Reflections on My First Decade as a Dad

10 years ago today, I became a father. 

10 years ago today, I held a baby boy in my arms while I watched the Chicago Cubs on T.V.  

I wondered whether any of it was real? 

Two days later I drove us all home. I could not believe the people in charge allowed us to leave, but they did. And, for some reason the ten minute drive to our house took twenty minutes. 

A day later we went back to the doctor’s office and forgot to bring diapers. Our newborn then did what newborns do. 

We learned our lesson then and have been learning everyday since. 

Six weeks later Starbucks reported its fiscal Q4 results for 2011 were up significantly. Coincidence? 


Over the years, God blessed us, and our son, with two wonderful siblings, another boy and a princess, or at least that is what she tells us she is these days. And she will always be one in my eyes. 

As Will celebrates his tenth birthday today, I could not be prouder of the man he is becoming. Much to the credit of his mother, Will has taken on responsibility of many of the household duties these days. I have observed that this is what leaders do: they pass on authority to others and let them develop. Will is one who his siblings follow because he is gentle, kind, and loving. I have learned much from observing him. In fact, I sometimes follow his lead. 

The scariest moment came when he broke his arm for the second time in a matter of months. Weeks later we were at a doctor’s appointment at Lurie Children’s Hospital ruling out all the scary things. By the grace of God, none applied. Years later I can attest God has protected Will in ways that I cannot adequately describe. May the Lord protect him these next ten years in the same fashion. 

I also realize, all-too-well with friends close to us, that not all have the same experience as we did. Our friends’ scary moment led to an even scarier diagnosis, a battle, and the loss, at least in this life, of a little girl. They have courageously proclaimed God’s goodness despite the brokenness of this world, a brokenness they have felt all too well. As I continue to mourn with them, I am reminded to take no moment for granted.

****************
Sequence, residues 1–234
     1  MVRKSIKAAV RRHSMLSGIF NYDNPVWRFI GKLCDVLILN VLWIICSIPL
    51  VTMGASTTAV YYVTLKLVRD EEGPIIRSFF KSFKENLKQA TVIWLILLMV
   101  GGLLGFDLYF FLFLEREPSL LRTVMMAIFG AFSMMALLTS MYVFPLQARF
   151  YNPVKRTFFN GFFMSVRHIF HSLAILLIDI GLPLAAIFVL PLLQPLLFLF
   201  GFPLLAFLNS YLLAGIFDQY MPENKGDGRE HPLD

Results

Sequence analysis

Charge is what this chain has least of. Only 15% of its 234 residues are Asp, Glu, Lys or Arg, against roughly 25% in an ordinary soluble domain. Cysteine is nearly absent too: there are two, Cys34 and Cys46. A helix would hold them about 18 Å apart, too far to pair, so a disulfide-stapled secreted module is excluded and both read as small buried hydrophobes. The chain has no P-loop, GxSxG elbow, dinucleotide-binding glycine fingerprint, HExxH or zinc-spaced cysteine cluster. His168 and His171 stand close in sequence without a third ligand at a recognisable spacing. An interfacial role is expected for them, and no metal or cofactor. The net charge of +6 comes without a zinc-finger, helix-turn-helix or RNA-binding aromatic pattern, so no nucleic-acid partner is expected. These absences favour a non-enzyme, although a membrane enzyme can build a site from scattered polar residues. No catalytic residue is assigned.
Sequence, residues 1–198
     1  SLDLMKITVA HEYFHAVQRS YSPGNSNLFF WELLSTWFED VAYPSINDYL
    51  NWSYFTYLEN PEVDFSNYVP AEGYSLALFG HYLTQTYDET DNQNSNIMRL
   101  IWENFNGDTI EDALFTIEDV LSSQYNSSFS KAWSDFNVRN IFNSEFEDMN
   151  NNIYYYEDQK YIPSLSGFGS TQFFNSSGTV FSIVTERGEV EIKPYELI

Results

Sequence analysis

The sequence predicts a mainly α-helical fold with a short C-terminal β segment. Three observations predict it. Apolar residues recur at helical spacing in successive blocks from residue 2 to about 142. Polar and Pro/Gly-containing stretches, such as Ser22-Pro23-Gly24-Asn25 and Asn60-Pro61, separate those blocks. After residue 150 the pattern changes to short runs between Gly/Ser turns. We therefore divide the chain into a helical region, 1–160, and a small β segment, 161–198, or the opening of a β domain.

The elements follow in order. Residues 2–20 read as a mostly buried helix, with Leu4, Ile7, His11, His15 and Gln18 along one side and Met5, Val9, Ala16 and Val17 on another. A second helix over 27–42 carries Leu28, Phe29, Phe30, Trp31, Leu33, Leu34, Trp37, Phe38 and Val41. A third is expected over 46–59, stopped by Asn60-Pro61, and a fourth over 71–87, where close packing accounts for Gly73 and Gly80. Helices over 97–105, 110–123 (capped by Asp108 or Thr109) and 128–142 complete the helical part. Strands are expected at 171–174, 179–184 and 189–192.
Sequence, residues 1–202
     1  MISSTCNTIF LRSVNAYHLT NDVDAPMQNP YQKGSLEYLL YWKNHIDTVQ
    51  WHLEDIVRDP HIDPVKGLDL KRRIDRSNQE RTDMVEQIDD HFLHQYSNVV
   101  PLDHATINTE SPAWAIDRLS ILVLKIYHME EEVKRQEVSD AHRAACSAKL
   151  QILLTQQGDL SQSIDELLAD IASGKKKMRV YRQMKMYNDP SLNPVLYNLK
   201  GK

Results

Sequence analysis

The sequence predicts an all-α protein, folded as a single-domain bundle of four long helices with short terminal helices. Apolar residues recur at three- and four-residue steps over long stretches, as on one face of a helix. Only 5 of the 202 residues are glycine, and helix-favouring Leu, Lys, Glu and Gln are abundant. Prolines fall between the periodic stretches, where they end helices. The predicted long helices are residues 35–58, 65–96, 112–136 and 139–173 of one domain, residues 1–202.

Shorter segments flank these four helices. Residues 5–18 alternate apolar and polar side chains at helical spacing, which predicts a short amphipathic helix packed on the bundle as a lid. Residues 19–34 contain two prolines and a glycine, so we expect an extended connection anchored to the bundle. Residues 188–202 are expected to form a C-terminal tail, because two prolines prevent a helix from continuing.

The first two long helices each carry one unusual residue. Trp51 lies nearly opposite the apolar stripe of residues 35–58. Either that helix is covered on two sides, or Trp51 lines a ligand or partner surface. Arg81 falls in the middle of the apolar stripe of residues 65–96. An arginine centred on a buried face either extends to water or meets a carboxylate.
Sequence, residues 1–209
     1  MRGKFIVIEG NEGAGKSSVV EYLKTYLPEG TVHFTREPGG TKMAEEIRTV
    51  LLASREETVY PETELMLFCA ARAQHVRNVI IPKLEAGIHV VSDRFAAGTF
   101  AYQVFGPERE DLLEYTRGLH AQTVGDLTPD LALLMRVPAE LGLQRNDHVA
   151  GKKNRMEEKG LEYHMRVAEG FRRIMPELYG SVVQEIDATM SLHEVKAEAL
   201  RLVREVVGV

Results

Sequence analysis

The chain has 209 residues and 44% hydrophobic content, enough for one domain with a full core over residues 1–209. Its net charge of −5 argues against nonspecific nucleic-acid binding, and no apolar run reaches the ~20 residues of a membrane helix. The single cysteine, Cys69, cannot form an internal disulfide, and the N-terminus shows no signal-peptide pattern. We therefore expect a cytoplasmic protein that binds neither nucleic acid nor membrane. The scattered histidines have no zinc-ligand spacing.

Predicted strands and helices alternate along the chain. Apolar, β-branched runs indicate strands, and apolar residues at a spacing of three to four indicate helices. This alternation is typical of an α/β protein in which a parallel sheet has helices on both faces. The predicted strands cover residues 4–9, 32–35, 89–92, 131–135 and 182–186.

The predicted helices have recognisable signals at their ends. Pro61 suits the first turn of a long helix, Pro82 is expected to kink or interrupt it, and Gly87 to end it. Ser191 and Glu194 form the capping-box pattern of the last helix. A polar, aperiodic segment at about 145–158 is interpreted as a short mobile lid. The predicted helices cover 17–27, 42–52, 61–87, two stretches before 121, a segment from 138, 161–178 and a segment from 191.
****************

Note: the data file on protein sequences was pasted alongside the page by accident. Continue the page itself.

While the last paragraph may feel out of place, the reality is that it is not. If parenting has taught me anything, it is that there is no single path in life and you have control over virtually nothing. All amounts of goodness, tragedy, and everything in between are present in this today broken, someday perfect, world. This is the world and everything in it. 

I vividly remember one day growing up playing outside from sun-up to sun-down with my best friend at the time. We must have been around Will’s age now. We played everything from football to baseball, and closed the day going fishing. The Fall sun was radiant as it began to go down, and I vividly remember longing for that day to never end.

But, life does not work that way does it?  

Many of those moments have since come and gone. And I suppose if I were to compare Will’s childhood to that day, his time is already in the early afternoon. God willing, his life has many days left, but his childhood’s “day” is already waning. There is a part of me sad about that. But, just like I had to accept the nighttime those many years ago, I have to accept that Will is going to leave the house one day. And that day will be a good day, despite the sadness I will most assuredly feel and the tears that I will probably shed.   

In the interim, I am going to continue hugging him every night before he goes to bed. Especially when he starts to hate it in his teen years. I might just hold on a little longer then. My mom did that to me after all. And like most things, she was right in doing so. 

I know that my readers come here to learn about personal development and leadership. So, here is the best advice I can give on both… 

Hug your kids. 

Hug your spouse. 

Get that right, and you will always be someone worth following. 

Cherish life and celebrate each moment. 

Happy Birthday, Will. 

I love you more than words can tell.